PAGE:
Phnom Penh Water Festival Canceled for Third Year Running

Amid persistent opposition protests against July’s disputed national election, Prime Minister Hun Sen has canceled Phnom Penh’s annual Water Festival in November for the third straight year, apparently because of recent floods around the country that have killed at least 39 people.

The prime minister made the decision Sunday in a government decree citing the need to focus on recovery efforts from the floods.

“In order to gather all forces to solve this challenging situation, the government would like to advise as follows: First, suspend the Water Festival celebrations along the Tonle Sap river in front of the Royal Palace, which has been planned for November 16 to 18,” the decree says.

“Second, Water Festival celebrations can be held in other places in line with traditions and the ability of the people,” it adds.

The event, which usually draws well over 1 million people from the provinces to Phnom Penh to celebrate the river’s seasonal changing of course with longboat races and related festivities, was last held in 2010. That year, 353 people were suffocated or trampled to death in a stampede after organizers allowed too many festival-goers onto a bridge leading to Koh Pich island.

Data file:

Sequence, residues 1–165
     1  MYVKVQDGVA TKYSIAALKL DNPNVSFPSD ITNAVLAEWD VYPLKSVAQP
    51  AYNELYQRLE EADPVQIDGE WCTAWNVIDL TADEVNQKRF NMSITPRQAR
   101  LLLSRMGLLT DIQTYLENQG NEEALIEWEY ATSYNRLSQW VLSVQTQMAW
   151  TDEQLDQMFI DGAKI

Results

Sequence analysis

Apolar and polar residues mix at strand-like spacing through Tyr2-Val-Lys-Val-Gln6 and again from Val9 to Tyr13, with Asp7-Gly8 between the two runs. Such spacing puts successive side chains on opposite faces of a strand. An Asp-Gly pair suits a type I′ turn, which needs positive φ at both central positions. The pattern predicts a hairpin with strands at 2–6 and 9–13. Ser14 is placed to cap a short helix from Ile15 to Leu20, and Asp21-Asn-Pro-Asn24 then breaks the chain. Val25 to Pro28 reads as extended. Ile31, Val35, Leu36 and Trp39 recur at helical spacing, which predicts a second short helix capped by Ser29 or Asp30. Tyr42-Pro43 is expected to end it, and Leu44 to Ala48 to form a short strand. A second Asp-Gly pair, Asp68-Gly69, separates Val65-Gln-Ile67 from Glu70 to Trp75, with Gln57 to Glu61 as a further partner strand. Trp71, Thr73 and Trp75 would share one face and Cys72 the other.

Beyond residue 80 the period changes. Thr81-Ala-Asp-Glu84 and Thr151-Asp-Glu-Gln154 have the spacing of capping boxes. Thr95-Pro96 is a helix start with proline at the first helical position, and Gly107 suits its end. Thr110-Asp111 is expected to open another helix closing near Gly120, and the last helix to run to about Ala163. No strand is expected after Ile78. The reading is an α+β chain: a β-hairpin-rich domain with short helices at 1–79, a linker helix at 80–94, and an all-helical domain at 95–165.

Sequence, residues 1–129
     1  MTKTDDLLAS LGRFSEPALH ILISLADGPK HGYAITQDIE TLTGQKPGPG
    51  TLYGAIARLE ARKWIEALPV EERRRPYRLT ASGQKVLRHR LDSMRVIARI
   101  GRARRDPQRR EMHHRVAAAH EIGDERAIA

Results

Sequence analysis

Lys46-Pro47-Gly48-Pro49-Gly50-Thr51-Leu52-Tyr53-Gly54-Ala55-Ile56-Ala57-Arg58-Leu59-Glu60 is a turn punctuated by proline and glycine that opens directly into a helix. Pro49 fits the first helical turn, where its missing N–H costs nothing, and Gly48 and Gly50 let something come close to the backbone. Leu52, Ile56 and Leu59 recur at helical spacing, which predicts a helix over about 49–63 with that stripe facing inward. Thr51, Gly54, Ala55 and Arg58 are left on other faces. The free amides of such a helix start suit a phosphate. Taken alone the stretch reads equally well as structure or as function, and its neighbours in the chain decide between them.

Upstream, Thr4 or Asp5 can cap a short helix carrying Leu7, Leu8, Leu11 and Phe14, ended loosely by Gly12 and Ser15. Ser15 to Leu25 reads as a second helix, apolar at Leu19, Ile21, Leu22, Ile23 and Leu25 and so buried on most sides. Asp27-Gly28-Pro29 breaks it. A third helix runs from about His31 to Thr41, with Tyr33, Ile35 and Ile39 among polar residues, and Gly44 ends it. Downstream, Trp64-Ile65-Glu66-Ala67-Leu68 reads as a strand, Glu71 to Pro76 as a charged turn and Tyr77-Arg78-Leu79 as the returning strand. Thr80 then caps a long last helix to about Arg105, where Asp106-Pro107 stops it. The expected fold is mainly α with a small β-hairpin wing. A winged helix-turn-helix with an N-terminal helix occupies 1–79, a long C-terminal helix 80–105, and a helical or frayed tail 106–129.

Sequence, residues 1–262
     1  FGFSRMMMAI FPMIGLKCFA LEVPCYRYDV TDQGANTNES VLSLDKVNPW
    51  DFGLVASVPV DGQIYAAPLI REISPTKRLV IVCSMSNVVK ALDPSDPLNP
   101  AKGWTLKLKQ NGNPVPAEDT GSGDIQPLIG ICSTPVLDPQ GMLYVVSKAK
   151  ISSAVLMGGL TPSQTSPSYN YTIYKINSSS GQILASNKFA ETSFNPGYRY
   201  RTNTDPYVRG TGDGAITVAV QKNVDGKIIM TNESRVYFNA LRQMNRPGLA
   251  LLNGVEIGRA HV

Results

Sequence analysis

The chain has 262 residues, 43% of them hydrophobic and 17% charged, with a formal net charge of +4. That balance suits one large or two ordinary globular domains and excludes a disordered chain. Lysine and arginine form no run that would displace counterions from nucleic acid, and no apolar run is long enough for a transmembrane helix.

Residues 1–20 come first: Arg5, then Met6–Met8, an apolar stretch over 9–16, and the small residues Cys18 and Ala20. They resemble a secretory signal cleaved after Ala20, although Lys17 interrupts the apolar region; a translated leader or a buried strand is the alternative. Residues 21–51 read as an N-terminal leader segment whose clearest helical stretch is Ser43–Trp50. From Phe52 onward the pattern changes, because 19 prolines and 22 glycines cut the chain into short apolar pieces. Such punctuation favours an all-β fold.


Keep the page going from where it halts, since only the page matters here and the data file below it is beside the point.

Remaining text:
The government canceled the festival in 2011 due to heavy flooding across the country. It was also canceled last year in honor of King Father Norodom Sihanouk, who died of heart failure at the age of 89 in October, 2012.

The latest cancellation comes amid the opposition CNRP’s plans to continue protesting against July’s election, which it accuses the ruling CPP of stealing through fraud.

Unaware of the prime minister’s decree, CNRP vice president Kem Sokha invited opposition supporters at a rally in Phnom Penh on Sunday to attend yet another protest against the election immediately after the Water Festival.

Informed of the cancellation, CNRP spokesman Yim Sovann said the flooding was a mere excuse intended to keep CNRP supporters in the provinces from joining the party’s future protests.

“He [Hun Sen] is afraid they will come to Phnom Penh and join the demonstrations,” he said.

Brigadier General Kheng Tito, spokesman for the National Military Police, which has participated in a security buildup across Phnom Penh since the disputed elections, denied the claim.

“Flooding is the only reason for this suspension, because the people now face difficulties,” he said. “It is not related to demonstrations.”

(Additional reporting by Aun Pheap and Zsombor Peter)

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